There is a solid mixture of short and long stories in this collection, the longest being “Elizabeth,” which begins around the halfway mark. Elizabeth is a worn-down literary agent having trouble with her business partner, and possibly the most fleshed-out character of the collection. Like many other characters we meet, she is ordinary, understandable, but not the sort of person one would call good. Her story meanders, leaving the reader with neither a positive or negative impression, only curiosity as to what will happen next. This is emblematic of Jackson’s style, which rarely calls on us to like the characters, only to be interested in their doings.

It’s understandable that this book is marketed under the name The Lottery, as the final story of the collection is her best-known short work, but the assumption that the other stories would be very much like it does a disservice to the versatility of Jackson’s writing. Personally, I’m more a reader of novels than of short stories, but I could nonetheless appreciate the quality of each story, and especially how they are curated to create a cohesive, representative body of work. I will definitely be checking out her novels, but I also wouldn’t be opposed to reading her other short story collections.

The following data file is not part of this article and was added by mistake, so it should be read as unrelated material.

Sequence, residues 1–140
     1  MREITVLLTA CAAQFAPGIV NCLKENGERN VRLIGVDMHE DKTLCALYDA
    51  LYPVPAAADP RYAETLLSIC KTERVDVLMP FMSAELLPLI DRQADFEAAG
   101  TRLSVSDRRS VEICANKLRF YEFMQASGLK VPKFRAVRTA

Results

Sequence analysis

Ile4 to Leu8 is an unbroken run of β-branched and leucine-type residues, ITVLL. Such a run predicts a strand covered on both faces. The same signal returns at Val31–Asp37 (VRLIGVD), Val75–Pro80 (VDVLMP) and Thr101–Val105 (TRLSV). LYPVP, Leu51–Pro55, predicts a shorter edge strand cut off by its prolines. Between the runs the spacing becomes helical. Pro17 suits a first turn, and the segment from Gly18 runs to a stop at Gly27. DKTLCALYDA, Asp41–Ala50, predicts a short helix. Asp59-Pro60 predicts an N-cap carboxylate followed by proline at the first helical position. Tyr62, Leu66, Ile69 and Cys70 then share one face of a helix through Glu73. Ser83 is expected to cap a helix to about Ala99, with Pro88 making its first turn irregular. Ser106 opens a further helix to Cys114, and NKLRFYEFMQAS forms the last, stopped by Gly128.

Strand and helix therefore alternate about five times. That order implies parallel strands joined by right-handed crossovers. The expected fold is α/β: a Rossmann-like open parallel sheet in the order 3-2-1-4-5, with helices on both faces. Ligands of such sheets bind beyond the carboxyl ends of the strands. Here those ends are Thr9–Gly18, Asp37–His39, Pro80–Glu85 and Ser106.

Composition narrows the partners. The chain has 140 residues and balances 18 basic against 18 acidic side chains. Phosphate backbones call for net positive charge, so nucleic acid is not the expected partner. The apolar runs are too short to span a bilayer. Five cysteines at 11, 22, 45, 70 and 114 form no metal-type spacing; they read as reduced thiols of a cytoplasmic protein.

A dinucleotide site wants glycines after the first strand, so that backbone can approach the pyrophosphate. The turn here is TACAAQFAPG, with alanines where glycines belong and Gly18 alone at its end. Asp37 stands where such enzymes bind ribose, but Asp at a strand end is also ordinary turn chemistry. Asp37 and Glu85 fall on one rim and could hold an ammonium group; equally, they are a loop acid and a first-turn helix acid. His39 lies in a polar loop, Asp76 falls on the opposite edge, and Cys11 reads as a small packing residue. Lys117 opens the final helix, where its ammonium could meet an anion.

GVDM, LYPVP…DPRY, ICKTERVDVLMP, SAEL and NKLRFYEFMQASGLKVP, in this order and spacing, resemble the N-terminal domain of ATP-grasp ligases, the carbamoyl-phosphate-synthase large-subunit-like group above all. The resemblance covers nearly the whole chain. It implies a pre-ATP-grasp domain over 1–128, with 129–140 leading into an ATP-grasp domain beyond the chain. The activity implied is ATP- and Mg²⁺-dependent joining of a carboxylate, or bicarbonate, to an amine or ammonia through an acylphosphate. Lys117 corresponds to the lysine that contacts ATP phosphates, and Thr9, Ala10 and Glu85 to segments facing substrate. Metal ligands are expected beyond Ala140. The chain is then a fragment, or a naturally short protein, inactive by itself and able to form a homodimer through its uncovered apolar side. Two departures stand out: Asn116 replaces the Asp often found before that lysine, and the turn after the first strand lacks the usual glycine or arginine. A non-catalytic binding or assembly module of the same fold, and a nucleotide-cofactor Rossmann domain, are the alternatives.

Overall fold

The Lottery and Other Stories is not what I would label a horror collection, although there are certainly a few horror stories tucked into it–“The Renegade” certainly threw me for a loop. More so than horror, though, it has an air of mystery and of the slightly off-kilter.

I recommend this book for anyone with an appreciation for short stories. With its balance between the normal and the abnormal, it holds something for everyone.

Rating: 5/5 stars.

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Spooky Video Games I Love for Halloween

I’m not much of a gamer, but I do have certain games that I love and come back to time and time again! Today I wanted to share some of my favorite games to play in October. I’ve picked out just four, but it’s a pretty diverse set, so it should be easy to find one you might like!